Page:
The words flammable and inflammable mean the same thing, but (to someone unfamiliar with their meaning) appear to be opposites (because of the "in" prefix). Is there a name for such word pairs that appear to be opposites but actually mean the same thing?

A few other examples are ravel/unravel, regardless/irregardless, radiation/irradiation, incite/excite, culpatory/inculpatory, press/depress, to/unto, part/depart, fat chance/slim chance, thaw/dethaw/unthaw, candescent/ incandescent, canny/uncanny, dead/undead, write up/write down, valuable/invaluable, habitable/inhabitable

  • irregardless is a double negative, having both the prefix ir- and the postfix -less?
    – gerrit
    Oct 12, 2019 at 19:40
  • I'd take issue with some of these. 'Irregardless' per se; 'invaluable' is far more than merely valuable. 'Write up' and 'write down' are not interchangeable to an appreciable degree. Feb 2, 2021 at 14:27

5 Answers 5


How about false enemies?

I originally voted to close because I thought synonym was an adequate generic term here, but Stephen's comment re false friends prompted me to Google language "false enemies". It seems clear that this coinage has occurred to others (here it is in a Wikipedia talk page, for example).

The first other "clear-cut" example I came up with was ravel / unravel, but I've found a couple more since, as have others here - maybe OP's right, we need a word to Know thine enemy!

EDIT: If an out-and-out neologism is acceptable, there's always the crypto- prefix (secret, hidden, or concealed), so they could be cryptosynonyms (though I must admit that one doesn't yet seem to have occurred to anyone else within the scope of Google's indexing routines).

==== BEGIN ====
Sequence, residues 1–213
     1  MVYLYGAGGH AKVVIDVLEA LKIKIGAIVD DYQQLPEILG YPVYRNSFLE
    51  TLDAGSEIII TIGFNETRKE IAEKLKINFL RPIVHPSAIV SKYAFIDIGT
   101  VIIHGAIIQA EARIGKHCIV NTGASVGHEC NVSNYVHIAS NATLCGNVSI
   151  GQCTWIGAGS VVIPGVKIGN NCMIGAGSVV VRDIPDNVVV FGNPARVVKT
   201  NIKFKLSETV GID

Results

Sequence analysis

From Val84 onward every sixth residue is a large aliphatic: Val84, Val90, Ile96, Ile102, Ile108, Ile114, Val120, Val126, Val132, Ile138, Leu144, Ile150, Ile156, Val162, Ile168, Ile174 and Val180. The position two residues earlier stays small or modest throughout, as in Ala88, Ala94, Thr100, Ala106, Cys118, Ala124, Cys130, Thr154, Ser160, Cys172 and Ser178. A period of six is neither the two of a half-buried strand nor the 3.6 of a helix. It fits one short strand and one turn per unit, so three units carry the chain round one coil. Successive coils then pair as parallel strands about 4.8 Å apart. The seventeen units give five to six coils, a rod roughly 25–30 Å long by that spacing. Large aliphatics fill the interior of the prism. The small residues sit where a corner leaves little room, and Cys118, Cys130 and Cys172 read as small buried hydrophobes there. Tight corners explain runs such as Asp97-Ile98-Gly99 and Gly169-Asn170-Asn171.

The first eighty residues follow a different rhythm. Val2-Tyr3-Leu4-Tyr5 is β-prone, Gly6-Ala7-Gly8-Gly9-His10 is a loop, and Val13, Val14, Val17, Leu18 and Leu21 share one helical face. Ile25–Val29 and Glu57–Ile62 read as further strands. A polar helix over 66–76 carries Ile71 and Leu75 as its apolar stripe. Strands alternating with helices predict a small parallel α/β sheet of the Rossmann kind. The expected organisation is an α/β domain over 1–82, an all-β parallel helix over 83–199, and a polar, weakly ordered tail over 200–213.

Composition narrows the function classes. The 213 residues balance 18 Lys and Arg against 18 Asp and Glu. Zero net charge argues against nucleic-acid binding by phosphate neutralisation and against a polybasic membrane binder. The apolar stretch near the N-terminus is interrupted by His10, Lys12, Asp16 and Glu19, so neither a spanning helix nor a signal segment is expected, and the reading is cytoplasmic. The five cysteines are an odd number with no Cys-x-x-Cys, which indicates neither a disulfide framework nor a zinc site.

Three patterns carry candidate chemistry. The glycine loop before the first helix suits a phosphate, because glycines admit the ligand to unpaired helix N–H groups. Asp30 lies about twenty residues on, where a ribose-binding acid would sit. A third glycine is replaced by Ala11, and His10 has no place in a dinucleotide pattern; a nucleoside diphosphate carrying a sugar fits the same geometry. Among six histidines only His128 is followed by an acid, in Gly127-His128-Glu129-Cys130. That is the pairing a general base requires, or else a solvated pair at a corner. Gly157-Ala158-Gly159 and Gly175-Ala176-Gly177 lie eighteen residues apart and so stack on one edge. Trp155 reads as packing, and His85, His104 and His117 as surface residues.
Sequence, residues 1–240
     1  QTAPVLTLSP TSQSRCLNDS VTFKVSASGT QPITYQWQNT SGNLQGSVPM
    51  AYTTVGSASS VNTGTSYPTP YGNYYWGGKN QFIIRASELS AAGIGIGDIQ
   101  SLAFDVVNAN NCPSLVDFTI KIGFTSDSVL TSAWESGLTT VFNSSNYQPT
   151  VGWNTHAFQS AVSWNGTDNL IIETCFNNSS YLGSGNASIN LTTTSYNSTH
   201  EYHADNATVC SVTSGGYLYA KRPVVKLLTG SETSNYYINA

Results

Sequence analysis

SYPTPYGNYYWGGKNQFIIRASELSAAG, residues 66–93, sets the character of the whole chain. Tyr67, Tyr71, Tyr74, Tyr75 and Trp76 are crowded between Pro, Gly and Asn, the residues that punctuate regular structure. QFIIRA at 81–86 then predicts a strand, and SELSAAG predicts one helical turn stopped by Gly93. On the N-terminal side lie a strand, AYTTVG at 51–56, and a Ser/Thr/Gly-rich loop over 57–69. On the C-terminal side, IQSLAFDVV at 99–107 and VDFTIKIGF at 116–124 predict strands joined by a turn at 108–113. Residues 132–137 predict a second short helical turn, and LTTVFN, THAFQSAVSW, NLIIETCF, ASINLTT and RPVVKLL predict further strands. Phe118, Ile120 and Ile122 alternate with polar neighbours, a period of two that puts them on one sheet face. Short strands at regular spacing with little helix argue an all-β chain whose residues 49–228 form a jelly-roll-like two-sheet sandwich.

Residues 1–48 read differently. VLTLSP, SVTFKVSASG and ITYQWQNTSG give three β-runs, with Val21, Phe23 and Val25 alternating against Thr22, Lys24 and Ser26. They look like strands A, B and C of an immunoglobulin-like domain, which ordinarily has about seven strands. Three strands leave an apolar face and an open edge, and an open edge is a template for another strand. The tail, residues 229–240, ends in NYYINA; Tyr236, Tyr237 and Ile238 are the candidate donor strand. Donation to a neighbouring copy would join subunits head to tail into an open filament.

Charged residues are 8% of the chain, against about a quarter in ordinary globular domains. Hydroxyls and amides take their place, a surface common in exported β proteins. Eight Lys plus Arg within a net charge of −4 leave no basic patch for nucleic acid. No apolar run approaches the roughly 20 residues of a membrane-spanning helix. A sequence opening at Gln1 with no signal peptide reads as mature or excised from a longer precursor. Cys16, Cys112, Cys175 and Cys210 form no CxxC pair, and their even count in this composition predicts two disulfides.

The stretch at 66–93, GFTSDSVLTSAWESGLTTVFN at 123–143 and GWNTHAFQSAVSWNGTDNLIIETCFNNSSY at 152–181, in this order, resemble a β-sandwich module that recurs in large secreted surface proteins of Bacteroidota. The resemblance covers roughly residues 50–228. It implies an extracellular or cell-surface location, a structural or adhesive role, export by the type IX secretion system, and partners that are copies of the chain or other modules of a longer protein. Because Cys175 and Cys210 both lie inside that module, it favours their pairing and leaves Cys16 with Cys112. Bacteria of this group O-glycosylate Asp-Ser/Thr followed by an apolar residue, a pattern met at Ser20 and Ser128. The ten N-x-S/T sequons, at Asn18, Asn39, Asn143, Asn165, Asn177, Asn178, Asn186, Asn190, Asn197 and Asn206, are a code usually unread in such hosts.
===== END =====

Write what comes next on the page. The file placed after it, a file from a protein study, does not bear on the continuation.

• 1
    Oddly, ravel seems to have the same property as cleave - it is its own opposite. Feb 21, 2012 at 14:00
  • @Matt: There are actually quite a "autoantonyms" like this. for example, buckle (fasten/collapse), let (allow/hindrance) rent (lend/hire). But not so many where an apparently opposite "inflected form" shares the same meaning as the base word. Feb 21, 2012 at 14:18
  • Great answer, but I'm not sure it quite answers (just because I'm not sure there is an answer). Bounty has been started, but I expect we probably will not get an authoritative answer. Probably what we can expect is support of these suggestions.
    – yoozer8
    Feb 24, 2012 at 2:03
  • How about press and depress?
    – Jim
    Feb 24, 2012 at 4:24
  • @Jim: That's quite a good one! But like the others in the link I put in my comment above, it's only a synonym in certain contexts. I still only see two clear-cut "totally false enemies", and if I'd made my answer "community wiki" so you could edit that one in, I might have been tempted to edit it out as "context-dependent". Feb 24, 2012 at 5:10

According to Wikipedia:

"Flammable and inflammable both mean capable of burning. The word "inflammable" came from Latin inflammāre = "to set fire to," where the prefix "in-" means "in" as in "indoctrinate", rather than "not" as in "invisible" and "ineligible". Nonetheless, "inflammable" is often erroneously thought to mean "non-flammable"."